Following the announcement that UK domestic cruises can recommence from 17 May, the prospect of a staycation cruise is likely to be popular this year. Cruise firms will be placing their bets on the UK market as they set their sights on generating some much-needed income, while international cruises look to be off the cards for the foreseeable future.
Cruises have always been a popular holiday option for many UK travellers. GlobalData’s Q3 2019 consumer survey revealed that over 1 in 10 UK respondents typically undertook a cruise rising to 14% for baby boomers and 18% for the silent generation. Considering these generations are most likely to be fully vaccinated by the summer, staycation cruising could be an extremely popular option within the general UK market.
The cruising industry has practically ground to a halt since the pandemic arrived. Staycations could be a great option for operators to test the best ways to return to sailing and provide some much-needed revenue.
Avid cruisers are desperate for a break
Given the high level of uncertainty as to when cruises can fully return, travellers will be very excited at the prospects of a partial return to the waters. The announcement of itineraries from P&O and Royal Caribbean cruises further shows companies are hedging their bets and have a strong feeling that demand from the UK market will be high.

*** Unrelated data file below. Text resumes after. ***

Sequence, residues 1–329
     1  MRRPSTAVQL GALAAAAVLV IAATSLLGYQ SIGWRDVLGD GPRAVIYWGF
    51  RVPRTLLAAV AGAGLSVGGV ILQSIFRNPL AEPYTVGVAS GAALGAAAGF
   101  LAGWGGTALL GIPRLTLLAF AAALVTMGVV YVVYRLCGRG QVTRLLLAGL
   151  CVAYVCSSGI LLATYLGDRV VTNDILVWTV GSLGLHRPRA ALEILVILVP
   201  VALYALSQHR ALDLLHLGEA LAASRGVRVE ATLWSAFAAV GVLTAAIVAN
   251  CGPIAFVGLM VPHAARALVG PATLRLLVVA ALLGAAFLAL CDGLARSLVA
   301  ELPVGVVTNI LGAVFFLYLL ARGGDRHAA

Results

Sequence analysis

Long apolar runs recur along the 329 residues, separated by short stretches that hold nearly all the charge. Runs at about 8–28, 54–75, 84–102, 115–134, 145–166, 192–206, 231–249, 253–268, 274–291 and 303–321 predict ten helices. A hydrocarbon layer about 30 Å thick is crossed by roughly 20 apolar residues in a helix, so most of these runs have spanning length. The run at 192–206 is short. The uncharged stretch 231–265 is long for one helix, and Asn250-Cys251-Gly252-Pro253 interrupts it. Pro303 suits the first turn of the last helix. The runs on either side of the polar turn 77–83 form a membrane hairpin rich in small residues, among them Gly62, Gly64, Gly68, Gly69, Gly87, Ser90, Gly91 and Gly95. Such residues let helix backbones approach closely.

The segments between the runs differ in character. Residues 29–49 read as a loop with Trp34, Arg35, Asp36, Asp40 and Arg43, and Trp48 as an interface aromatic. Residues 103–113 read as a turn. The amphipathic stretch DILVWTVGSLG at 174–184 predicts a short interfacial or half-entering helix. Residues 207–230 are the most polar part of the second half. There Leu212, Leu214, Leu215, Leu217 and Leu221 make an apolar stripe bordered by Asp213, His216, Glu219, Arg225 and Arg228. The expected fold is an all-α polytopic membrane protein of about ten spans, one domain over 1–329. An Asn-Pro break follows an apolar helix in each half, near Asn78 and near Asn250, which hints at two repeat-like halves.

Covid-fatigue has not dampened the travellers’ desire. Cruisers remain one of the most loyal customers in travel. The prolonged suspension of the industry has resulted in high levels of pent-up demand waiting to be unlocked by cruise companies. Coupled with the increased likelihood that travellers will be looking for trips closer to home, the industry may just have the right ingredients to make UK cruise staycations a success.
For some cruise-goers, it could be a good test to see whether they feel confident again to take a longer cruise in the future. Safety measures undertaken on UK cruise itineraries will be similar to the ones on international cruises when they are allowed to operate again. This means that cruise customers can get a taste of what’s to come and whether they think the safety measures are adequate or not.
Safety concerns still remain high
Pandemic-cautious consumers will still be extremely hesitant to step onboard a cruise ship. Even though enhanced health and safety procedures are in place, the prospect of being stuck at sea with a potential Covid-19 outbreak may be enough to deter some. Companies must focus on promoting the robust protocols put in place to gain customer confidence.
Only time will tell whether the prospects of UK staycation cruises will generate enough interest to make the venture worthwhile. Covid-fatigue has risen in the UK, and travellers will likely opt for exciting and novel holiday options once restrictions begin to ease. The unknown aspect of a cruise staycation could be an exciting prospect for many and could prove a success for the industry before international sailings can recommence.